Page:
Saturday, 28 May 2011

After a couple of decades of the 'New Right' are Cameron's Conservative party actually philosophical conservatives?

Let it first be made clear that this blog defines philosophical conservatives as those who follow the Burke-Oakeshott line of thinking and is specifically not those members of the new right who are vehemently ideological.

The question of what is Cameron's philosophy seemed to rise a lot in the early days after his leadership election victory, Cameron spoke of compassionate and civic conservatism and people analysed it; like in this interesting Prospect article:

For this blog that excited philosophical analysis has not stopped, the notion of the 'Big Society' being the new plaything. To have a Conservative party leader extolling something that could be taken to mean support for mutuals and co-operatives is a good thing for this blog's own political stance. Furthermore the compassionate conservatism and 'Big Society' theme of this government are a welcome reprieve from the Thatcher and Reagan school.

This blog does not think that the new Conservative party way of thinking is based on the intrinsic value of mutuals, it is might actually be a rather clever return to the roots of traditional philosophical conservative thinking. Traditionally post-Burkean conservative theorists only adopted support for capitalism because it fitted in with their Burkean view that institutions and the economy do better when allowed to naturally evolve because no man or group of men can design something as well as thousands of years of organic development.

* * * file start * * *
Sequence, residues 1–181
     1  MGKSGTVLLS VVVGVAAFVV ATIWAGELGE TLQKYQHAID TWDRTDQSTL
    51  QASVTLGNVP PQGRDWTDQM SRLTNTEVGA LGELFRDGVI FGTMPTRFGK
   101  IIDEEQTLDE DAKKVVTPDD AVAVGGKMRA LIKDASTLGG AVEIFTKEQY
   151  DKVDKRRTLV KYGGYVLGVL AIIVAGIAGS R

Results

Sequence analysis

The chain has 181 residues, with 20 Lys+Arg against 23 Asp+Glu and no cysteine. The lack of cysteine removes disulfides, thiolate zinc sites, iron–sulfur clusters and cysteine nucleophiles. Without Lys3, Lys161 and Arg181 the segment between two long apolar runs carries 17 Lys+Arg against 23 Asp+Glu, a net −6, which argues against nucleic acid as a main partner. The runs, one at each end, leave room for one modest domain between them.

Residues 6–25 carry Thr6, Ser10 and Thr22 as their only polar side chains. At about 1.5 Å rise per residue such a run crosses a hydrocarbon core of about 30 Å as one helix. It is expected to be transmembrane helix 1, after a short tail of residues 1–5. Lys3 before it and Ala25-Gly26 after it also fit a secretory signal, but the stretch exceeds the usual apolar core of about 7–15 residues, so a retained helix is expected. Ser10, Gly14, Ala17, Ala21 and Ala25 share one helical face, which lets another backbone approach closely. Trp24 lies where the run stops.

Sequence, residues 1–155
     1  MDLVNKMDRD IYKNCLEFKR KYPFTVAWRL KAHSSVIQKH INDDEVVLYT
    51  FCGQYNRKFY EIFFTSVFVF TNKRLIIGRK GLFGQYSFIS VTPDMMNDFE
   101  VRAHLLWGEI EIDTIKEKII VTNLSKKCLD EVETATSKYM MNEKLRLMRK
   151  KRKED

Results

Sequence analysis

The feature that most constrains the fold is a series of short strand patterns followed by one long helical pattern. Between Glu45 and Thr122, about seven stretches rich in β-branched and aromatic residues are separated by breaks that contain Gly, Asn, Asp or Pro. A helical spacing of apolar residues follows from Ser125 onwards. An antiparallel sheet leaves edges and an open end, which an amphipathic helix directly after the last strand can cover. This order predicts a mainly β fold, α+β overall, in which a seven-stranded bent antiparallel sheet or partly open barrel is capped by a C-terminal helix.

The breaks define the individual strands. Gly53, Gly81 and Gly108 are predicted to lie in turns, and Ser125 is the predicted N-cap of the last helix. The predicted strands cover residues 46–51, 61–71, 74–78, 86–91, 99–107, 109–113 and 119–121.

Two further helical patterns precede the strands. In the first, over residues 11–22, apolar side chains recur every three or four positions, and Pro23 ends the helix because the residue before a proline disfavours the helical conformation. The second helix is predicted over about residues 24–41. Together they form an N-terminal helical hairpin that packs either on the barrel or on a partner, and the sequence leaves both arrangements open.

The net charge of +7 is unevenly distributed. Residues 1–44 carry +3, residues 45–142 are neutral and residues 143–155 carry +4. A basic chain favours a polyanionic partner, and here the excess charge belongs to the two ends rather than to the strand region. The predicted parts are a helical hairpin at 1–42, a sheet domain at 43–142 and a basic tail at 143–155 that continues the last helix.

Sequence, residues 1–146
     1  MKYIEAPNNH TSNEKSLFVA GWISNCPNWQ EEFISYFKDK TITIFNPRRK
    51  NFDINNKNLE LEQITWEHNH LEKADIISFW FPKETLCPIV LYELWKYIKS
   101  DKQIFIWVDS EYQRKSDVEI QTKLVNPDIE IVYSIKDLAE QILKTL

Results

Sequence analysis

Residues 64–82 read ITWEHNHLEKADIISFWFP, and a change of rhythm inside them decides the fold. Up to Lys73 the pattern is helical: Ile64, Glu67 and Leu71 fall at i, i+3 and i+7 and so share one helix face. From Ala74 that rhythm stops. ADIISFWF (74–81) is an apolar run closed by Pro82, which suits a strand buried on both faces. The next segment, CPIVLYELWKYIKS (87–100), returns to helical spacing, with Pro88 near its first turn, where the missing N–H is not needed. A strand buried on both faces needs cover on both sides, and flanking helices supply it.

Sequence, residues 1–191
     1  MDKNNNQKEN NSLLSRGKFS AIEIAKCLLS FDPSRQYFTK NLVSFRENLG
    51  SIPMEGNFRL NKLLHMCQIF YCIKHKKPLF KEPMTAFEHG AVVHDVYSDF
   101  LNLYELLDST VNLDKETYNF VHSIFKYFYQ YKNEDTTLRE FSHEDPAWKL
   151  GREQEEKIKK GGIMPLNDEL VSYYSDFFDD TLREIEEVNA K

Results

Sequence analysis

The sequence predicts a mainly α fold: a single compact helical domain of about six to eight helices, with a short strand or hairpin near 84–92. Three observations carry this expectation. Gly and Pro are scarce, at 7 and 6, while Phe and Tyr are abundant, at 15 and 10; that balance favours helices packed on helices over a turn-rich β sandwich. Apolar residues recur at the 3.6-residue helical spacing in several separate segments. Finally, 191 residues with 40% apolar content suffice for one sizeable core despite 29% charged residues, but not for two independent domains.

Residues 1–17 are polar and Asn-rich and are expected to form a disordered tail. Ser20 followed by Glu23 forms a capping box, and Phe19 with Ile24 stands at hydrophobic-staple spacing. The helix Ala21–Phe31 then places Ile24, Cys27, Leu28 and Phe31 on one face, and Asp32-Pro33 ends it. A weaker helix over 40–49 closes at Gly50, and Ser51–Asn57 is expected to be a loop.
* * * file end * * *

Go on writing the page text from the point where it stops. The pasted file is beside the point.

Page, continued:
The 'founder' of modern conservatism, Michael Oakeshott, then married Burke and these 19th century ideological tendencies into one theory. This is that conservatives are rationalists, pruning institutions and governments of their bad parts and letting the other parts evolve organically. This organic evolution explains conservatives support for laissez-faire capitalism, non-codified laws (Von Savigny originally) and their opposition to revolutions based on abstract concepts of justice and equality.

This blog believes that the 'Big Society' fits in coherently with this type of conservatism, the 'Big Society' would mean letting public services evolve naturally in society. They would be separated from top-down intervention based on abstract ideals and the belief in mans ability to instantly construct something complex well.

This blog does not support Burkean conservatism because this blog is ideological and does believe in abstract ideals, primarily freedom. However, this blog does much prefer this philosophical conservatism to Thatcherism, the New Right and class based conservatism. That is not to say that this blog believes these types of conservatism are not alive and kicking within the Conservative party and its policies.

A Radical Liberal's Perspective concludes by applauding Oliver Letwin and David Willetts specifically. for raising the standard of political debate in this country slightly with the reintroduction of philosophically conservative concepts.


  1. Cheers, you've given me a lot of homework to go and read up on! :p

    Interesting read.

  2. Well do come back and comment if your interpretation is different. I've recently found myself fascinated by study of philosophical conservatism and how it contrasts with Conservative parties.